Before I knew about Philanthropic Studies or lived in a region of the country where fundraising had been professionalized, I had an inkling that my experience as a nonprofit fundraiser was missing something really important. I got into fundraising because I was desperate for a job following a divorce and couldn’t find anyone in my “progressive” southern city who would hire someone with two English degrees who had spent the last eight years as a stay-at-home mom and Junior-Leaguer. It was through my volunteer work that I made contacts at local nonprofit organizations and was hired as an education director managing school field trips at a botanical garden. This organization had a Director of Development. She was a friend from the neighborhood, and I still practice many of the techniques and approaches to fundraising that I observed in her. It would be years later before I truly began to understand the business of nonprofits, the role of the professional fundraiser in the sector and the human condition that makes philanthropy possible.
I begin KatPhilanthropy with an essay that was the catalyst for a search that began at that time for what is behind the business of philanthropy, and what I believe must always be front and center to the practice. The blog below was posted on my Facebook page in 2012 and written in a rage. I wrote it before I understood the difference between compassion and empathy – the difference is important and something that will be discussed in future posts. Hint: empathy and compassion are NOT the same thing. Even so, it expresses my awareness of a missing link in the practice of philanthropy – the heart. The group I talk about below are not a demographic we often consider when we think of philanthropy, but this practice is not entirely about nonprofit organizations or the missions they represent. Need is all around.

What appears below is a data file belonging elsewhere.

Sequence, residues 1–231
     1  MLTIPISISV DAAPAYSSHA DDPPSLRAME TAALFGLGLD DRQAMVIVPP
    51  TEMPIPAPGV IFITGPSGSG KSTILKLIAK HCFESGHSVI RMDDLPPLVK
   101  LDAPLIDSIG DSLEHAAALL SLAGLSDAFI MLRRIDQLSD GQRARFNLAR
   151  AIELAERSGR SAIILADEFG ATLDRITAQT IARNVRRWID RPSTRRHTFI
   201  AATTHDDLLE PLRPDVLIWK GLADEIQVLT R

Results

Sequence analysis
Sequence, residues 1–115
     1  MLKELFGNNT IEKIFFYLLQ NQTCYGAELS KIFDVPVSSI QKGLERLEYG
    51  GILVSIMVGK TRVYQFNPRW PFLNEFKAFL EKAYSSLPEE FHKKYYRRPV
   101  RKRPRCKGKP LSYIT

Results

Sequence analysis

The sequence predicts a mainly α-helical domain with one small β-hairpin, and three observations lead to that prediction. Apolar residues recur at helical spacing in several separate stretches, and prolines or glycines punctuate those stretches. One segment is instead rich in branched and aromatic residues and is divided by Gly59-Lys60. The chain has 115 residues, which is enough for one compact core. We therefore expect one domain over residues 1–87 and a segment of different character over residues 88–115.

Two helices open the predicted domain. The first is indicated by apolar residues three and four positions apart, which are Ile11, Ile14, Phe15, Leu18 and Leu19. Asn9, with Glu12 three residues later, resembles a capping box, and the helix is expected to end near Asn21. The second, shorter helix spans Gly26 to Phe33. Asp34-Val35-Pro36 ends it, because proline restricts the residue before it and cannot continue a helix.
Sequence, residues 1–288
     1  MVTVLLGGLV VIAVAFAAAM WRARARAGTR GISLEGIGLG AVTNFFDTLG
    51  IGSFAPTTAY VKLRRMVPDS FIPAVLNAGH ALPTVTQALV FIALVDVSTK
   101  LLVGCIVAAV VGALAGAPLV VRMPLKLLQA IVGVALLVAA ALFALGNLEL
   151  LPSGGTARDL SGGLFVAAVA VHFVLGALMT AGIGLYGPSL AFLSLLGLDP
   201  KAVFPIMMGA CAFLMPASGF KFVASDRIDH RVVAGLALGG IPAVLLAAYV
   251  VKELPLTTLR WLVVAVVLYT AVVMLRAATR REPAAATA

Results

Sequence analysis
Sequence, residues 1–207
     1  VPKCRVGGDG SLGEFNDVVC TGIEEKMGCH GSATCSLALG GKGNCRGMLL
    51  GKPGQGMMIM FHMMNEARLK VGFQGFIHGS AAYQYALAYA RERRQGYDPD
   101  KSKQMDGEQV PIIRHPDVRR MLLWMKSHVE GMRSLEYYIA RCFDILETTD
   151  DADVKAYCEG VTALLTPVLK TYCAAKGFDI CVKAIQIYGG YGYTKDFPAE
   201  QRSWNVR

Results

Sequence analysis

With so many people in need of compassion these days, it’s a good thing that it is an emotion that most people feel pretty comfortable with. Unfortunately, the process of comfortably transmuting our compassion into a tangible response seems to have disappeared. My off-the-cuff sense of the impetus is something to do with the evolution of our communities from a more diverse and interactive environment into the suburb life with 8-foot fences and neighbors who may hear each other on the back deck for twenty years but never meet. As we have created private islands within crowded communities and controlled our interactions because we actually have the choice (no need to interact when you can do everything online or with your cell phone), we’ve lost our comfort with each other. Somewhere along the journey of this shift in the way we live, most have forgotten about the element of compassion that includes a compulsion to alleviate a condition that we respond emotionally to. Those few who might remember that part have no idea how to make that happen without stepping outside of their comfort zone.